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Article: Star Trek: It's All About Us

This review doesn't contain any spoilers. So if you have not seen the film or any of the teasers, trailers, sneak peeks, previews, special previews or Twitter tweets - I won't be giving away the secrets. In the anticipation of the film, then the seeing of the film and then the post-film contemplation of the film; I realized that the release of this film is really about myself. Really. And if you go see the film, it's not going to be about Star Trek - it's going to be all about you.

A new Star Trek film is always an occasion, even among the broader science fiction crowd. Love it or hate it, Star Trek sets a standard and is a major force in popular entertainment. With one of the most loyal fan bases, the franchise has spanned almost every form of media, merchandising and marketing. There have been multiple movies, movies about the movies, television shows, cartoon, comics, books, computer games, DVD releases, digital remastering of DVDs, lunch boxes, toys, action figures, ad infinitum. Popular culture is full of Star Trek quotes and references and the show still runs in its various forms on television every day. The new film is a risky "reboot" of the Star Trek universe by current producer/director wunderkind J.J. Abrams, of Lost fame. Well, I should say, risky in the sense of spending a lot money and not making much profit.trek.jpg Coming off of Star Trek: Nemesis, which combined the worst of the Next Generation with the worst of the overall series to make the worst of the motion pictures and make the powers-that-be rethink their whole strategy with Star Trek.

I'm old, so I watched the Original Series when it was NBC back in the '60s. In fact, when Star Trek moved to late night Fridays in its final season, I was allowed to stay up late for the first time in order to watch it. During the long hiatus between the cancellation and the first film, I read all the James Blish novelizations and even watched the Animated Series. One of my bibles was the Making of Star Trek by Stephen Whitfield, along with David Gerrold two books about the series, The Trouble with Tribbles and The World of Star Trek. I attended my first Star Trek convention in the early '80s, where I met James Doohan and George Takei. I have watched the series and films over the years with varying levels of interest. All told, I have attended a half-dozen conventions over the years and seen several of the actors giving their convention speeches and roundtables. I did, in fact, witness an erstwhile fan ask James Doohan a technical question about the Enterprise and get the answer that he (Doohan) was just an actor and this was just a show. I have read quite a few of the Star Trek novels that have been written over the years, but certainly not all of them. I have written reviews of several episodes and two of the movies for this site. So, I am not too, too far into hard-core Trekkiness (I don't speak Klingon), but try to maintain a healthy, respectable level of engaged fandom. Some around me might disagree, I don't know.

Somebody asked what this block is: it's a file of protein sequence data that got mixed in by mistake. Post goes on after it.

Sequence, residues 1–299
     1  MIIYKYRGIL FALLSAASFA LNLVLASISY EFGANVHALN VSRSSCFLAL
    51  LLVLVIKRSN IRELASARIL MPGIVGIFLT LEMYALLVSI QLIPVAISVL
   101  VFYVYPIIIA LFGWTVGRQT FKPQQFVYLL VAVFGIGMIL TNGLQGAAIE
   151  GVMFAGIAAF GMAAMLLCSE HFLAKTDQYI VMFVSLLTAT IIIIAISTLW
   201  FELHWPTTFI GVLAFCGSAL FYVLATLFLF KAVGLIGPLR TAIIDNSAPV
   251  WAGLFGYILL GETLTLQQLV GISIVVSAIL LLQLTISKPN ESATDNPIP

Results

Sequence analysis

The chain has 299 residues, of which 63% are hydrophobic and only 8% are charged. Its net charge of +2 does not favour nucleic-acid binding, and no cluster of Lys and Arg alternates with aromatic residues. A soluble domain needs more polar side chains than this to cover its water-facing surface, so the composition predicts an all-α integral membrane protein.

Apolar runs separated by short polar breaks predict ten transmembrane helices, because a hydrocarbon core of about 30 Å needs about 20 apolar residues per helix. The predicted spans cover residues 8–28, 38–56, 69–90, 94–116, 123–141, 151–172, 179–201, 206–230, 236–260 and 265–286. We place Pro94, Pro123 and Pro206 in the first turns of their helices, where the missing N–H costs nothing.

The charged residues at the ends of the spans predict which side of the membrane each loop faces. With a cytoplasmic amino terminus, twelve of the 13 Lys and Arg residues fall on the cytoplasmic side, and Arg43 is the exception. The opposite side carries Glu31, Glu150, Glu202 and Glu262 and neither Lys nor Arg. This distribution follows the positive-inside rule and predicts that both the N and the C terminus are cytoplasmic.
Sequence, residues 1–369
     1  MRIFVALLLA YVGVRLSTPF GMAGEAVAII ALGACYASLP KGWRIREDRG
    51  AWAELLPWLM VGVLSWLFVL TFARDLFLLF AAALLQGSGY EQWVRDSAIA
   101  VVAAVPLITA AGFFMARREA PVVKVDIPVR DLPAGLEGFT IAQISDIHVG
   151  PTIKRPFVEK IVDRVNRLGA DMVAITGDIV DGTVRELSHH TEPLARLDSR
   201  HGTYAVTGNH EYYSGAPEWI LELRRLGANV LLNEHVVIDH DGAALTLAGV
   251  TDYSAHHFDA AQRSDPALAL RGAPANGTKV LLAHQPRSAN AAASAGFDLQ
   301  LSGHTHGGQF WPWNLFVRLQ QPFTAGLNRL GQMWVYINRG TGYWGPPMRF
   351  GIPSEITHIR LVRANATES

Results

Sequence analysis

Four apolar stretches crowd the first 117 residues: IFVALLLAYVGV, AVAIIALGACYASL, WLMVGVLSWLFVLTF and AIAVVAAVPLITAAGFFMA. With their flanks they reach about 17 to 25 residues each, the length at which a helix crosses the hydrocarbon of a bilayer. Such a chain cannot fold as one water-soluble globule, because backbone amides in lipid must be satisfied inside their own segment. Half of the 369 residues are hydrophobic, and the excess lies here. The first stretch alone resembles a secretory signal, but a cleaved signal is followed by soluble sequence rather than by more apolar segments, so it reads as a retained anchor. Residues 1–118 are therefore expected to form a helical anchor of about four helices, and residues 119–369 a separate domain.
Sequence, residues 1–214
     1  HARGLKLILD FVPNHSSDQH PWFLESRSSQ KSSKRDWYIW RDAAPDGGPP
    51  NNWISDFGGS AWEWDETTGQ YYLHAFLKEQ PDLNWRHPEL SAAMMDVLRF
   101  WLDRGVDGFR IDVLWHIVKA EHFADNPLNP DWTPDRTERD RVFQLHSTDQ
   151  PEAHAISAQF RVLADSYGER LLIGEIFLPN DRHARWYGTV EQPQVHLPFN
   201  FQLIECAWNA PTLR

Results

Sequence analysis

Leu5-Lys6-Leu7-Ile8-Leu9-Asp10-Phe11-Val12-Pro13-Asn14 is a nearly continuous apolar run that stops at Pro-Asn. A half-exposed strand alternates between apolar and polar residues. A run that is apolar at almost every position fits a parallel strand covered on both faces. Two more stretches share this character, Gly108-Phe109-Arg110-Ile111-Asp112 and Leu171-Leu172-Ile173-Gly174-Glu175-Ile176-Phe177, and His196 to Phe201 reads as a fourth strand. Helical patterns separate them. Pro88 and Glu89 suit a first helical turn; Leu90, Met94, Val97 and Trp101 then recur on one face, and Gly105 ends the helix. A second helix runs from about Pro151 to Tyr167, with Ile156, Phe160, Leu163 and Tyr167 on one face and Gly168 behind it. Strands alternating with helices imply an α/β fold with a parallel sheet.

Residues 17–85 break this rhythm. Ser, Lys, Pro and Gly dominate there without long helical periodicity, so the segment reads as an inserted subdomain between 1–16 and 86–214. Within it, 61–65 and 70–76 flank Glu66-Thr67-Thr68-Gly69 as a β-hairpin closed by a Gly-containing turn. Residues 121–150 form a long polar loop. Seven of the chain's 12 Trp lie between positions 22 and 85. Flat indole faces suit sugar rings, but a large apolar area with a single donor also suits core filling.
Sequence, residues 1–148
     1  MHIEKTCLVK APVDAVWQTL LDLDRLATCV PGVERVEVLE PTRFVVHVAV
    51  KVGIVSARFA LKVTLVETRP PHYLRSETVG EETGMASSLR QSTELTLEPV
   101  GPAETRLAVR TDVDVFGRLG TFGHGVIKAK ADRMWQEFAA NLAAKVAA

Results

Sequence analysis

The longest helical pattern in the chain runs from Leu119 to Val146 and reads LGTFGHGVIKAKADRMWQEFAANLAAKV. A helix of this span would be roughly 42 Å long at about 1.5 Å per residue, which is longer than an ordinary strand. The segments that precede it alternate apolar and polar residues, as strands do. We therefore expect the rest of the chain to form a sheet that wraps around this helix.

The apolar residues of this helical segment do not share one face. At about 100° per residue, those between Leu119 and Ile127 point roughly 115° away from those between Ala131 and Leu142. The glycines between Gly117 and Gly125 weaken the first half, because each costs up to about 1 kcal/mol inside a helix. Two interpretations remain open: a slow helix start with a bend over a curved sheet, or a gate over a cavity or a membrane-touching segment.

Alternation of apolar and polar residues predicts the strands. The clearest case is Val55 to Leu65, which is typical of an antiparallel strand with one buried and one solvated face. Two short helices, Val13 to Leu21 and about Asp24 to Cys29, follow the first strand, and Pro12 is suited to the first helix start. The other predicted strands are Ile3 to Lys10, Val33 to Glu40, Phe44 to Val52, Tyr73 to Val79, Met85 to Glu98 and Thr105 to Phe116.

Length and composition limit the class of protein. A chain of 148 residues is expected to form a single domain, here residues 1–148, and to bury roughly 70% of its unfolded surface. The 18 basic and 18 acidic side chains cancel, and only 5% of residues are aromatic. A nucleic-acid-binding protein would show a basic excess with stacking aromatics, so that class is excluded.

I feel that I am not pre-disposed to dislike the new film just because it somehow meddles with some "canon." I am in search of compelling science fiction cinema and I don't really care what they do with the Star Trek franchise, so long as it is enjoyable and fun. This film fulfills and exceeds almost every expectation in that area and I think that, despite some flaws, it will take a place among the best science fictions films of all time. I can highly recommend this film.

There is a intelligence and an inherited layer of moral awareness that raises Star Trek as a thing above most typical science fiction fare. We can thank Gene Roddenberry and his vision of a future history that seeks the solution to problems of today rather than exploiting them. Star Trek has always purported to be an imagined future history of mankind where there many of the social ills of humanity have been solved and mankind is engaged in some kind of "manifest destiny" to spread out among the stars. This is both a boon and curse to the entertainment value of the show. In the first version of the television show, there were some episodes that attempted to deliver a "message." For example, the episode "The Enterprise Incident," purported to allegorize a real spying incident and "The Last Battlefield" showed the conflict between two "bicolored races" in which one was black on the right side and white on the left side, while the other was the opposite. So, heavy utopian messages have become part of Star Trek and lead to some heavy-handed storytelling. Fortunately, the current film manages to avoid this with only a couple of light nods.